• MansiNo Gravatar on December 16, 2010 at 2:31 pm

      Dear Paul,

      Thank you so much for sharing your story. I truly appreciate the time you took to drive this lesson home. I am really looking forward to taking the plunge … to having more time to experience life and not just read about it in books or watch other people living it on TV. I’m getting into photography these days and discovering a whole new way of looking at the world … so different from a writer’s perspective … and I am enjoying discovering this facet of myself.

      Thanks to readers like you, I feel encouraged.

      Thanks, again, for your inspiring words.

  9. bcdcompostelaNo Gravatar on February 16, 2012 at 5:54 pm

    Hello Mansi

    This is exactly what I am feeling this week. I can barely move from the bed thinking of the battle I have to face in the parking lot, the train and the road. Actually the battle starts from within.

    I read Paulo Coelho’s The Alchemist and it said something about following our dreams and fear should not stand in between.

    Like you, I also want to travel the world but still I am stuck in a 9-5 job. I’m 29 and I think I am not achieving my full potential.

    I love writing but I didn’t have the guts to do it.


    But tomorrow is a new day and maybe we can start one small step towards the never ending journey of freedom from 9-5 zombie rut.

    Good luck!

  10. JoelNo Gravatar on May 20, 2012 at 6:49 am

    I completely understand your point of view. I graduated from college as a mechanical engineer and very quickly became disillusioned with the working world. I quickly realized it wasn’t stability I craved but adventure. I, like you, do not want to wait until I am 60 or 70 to enjoy this freedom. I want to do it now while I am still able to hike through the mountains, run in the forests, and swim in the ocean. I recently undertook this by quitting the last 9 to 5 job I will ever have. I am now working offshore as an ROV pilot, and it is beyond my expectations. Finally, my job is an adventure. I see oceans, mountains, coasts, and feel sea breeze on my face. Damn, I feel alive for once.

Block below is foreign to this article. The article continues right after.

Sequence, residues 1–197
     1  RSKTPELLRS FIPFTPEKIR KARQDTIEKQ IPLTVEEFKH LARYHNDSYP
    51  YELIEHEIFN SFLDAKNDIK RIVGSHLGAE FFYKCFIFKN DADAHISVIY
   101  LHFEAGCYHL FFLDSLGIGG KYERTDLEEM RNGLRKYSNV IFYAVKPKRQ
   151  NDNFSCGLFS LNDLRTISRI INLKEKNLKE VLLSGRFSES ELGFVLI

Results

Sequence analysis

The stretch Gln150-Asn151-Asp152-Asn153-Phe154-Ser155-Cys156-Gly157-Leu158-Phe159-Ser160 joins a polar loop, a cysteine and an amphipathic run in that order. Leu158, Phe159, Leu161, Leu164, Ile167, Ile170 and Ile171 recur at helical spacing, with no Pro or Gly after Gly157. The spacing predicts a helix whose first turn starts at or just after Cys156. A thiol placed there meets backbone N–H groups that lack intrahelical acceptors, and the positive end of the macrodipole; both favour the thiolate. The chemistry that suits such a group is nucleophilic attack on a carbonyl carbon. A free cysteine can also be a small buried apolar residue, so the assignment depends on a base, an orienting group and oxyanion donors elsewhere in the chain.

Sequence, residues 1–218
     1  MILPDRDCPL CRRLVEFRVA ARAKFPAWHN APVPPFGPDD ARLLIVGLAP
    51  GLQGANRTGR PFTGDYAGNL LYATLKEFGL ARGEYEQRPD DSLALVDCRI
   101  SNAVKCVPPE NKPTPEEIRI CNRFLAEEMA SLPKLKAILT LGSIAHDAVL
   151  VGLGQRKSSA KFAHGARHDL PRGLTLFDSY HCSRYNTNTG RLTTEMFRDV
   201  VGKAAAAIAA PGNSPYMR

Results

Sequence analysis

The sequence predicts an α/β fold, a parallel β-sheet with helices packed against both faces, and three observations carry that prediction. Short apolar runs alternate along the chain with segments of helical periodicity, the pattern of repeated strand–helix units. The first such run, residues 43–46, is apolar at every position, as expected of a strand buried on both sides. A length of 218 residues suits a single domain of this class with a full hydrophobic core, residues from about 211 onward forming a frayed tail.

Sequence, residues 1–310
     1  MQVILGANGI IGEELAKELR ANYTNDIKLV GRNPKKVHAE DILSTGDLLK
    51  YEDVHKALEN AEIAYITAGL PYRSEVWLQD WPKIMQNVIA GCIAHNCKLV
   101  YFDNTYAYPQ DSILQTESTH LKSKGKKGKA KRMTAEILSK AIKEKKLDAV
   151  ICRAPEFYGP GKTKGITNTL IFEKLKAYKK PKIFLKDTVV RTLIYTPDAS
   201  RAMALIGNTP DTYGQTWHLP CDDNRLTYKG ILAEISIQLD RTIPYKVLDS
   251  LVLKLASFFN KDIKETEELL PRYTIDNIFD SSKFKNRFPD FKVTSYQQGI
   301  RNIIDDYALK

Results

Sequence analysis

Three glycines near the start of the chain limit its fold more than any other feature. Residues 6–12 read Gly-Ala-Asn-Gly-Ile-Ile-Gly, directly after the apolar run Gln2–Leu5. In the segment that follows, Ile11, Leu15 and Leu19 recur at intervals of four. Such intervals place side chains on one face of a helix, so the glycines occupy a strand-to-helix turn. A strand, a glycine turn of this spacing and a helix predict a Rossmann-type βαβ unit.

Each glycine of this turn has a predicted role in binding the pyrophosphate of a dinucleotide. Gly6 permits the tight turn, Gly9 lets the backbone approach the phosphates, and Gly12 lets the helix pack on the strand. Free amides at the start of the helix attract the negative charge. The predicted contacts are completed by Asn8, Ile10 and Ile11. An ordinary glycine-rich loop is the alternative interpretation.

11. IrfaanNo Gravatar on July 8, 2012 at 2:44 am

    Hi All,
    Sunday morning and I am feeling like crap as I know work on Monday will be exactly as Friday “LIKE PRISON”.
    I love my career and job I do but so tired of the 9-5 it is like slow poison and one day I will be dead. I have missed birthdays – holidays – occasions just so I complete a project in order for the boss to reap the rewards and a pat on the shoulder for me and satisfaction I am closer to getting a much bigger complicated work load.
    We have a 19 year old and 9 year old, what am I doing?…what am I going to gain?……WHY?

    I want to STOP and think – feel free to do what I want when I want and not be rail road-ed into what is the required status qua.

    Anyways if someone has a solution please let me know, how do you pluck the courage to detach and be free :)